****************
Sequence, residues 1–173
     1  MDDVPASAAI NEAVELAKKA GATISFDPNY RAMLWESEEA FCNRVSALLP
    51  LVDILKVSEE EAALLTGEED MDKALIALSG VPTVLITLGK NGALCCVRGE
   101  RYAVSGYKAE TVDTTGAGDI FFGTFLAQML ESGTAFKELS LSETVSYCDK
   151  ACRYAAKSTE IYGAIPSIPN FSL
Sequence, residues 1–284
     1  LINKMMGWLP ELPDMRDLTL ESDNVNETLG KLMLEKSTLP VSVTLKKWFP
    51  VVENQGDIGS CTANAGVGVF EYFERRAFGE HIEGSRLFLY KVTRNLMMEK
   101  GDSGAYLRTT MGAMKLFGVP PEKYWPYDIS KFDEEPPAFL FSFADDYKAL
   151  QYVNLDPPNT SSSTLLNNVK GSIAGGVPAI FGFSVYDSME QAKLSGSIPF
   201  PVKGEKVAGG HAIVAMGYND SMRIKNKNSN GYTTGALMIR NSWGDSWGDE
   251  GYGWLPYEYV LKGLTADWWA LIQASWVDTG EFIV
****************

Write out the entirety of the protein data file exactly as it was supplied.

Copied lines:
Sequence, residues 1–173
     1  MDDVPASAAI NEAVELAKKA GATISFDPNY RAMLWESEEA FCNRVSALLP
    51  LVDILKVSEE EAALLTGEED MDKALIALSG VPTVLITLGK NGALCCVRGE
   101  RYAVSGYKAE TVDTTGAGDI FFGTFLAQML ESGTAFKELS LSETVSYCDK
   151  ACRYAAKSTE IYGAIPSIPN FSL
Sequence, residues 1–284
     1  LINKMMGWLP ELPDMRDLTL ESDNVNETLG KLMLEKSTLP VSVTLKKWFP
    51  VVENQGDIGS CTANAGVGVF EYFERRAFGE HIEGSRLFLY KVTRNLMMEK
   101  GDSGAYLRTT MGAMKLFGVP PEKYWPYDIS KFDEEPPAFL FSFADDYKAL
   151  QYVNLDPPNT SSSTLLNNVK GSIAGGVPAI FGFSVYDSME QAKLSGSIPF
   201  PVKGEKVAGG HAIVAMGYND SMRIKNKNSN GYTTGALMIR NSWGDSWGDE
   251  GYGWLPYEYV LKGLTADWWA LIQASWVDTG EFIV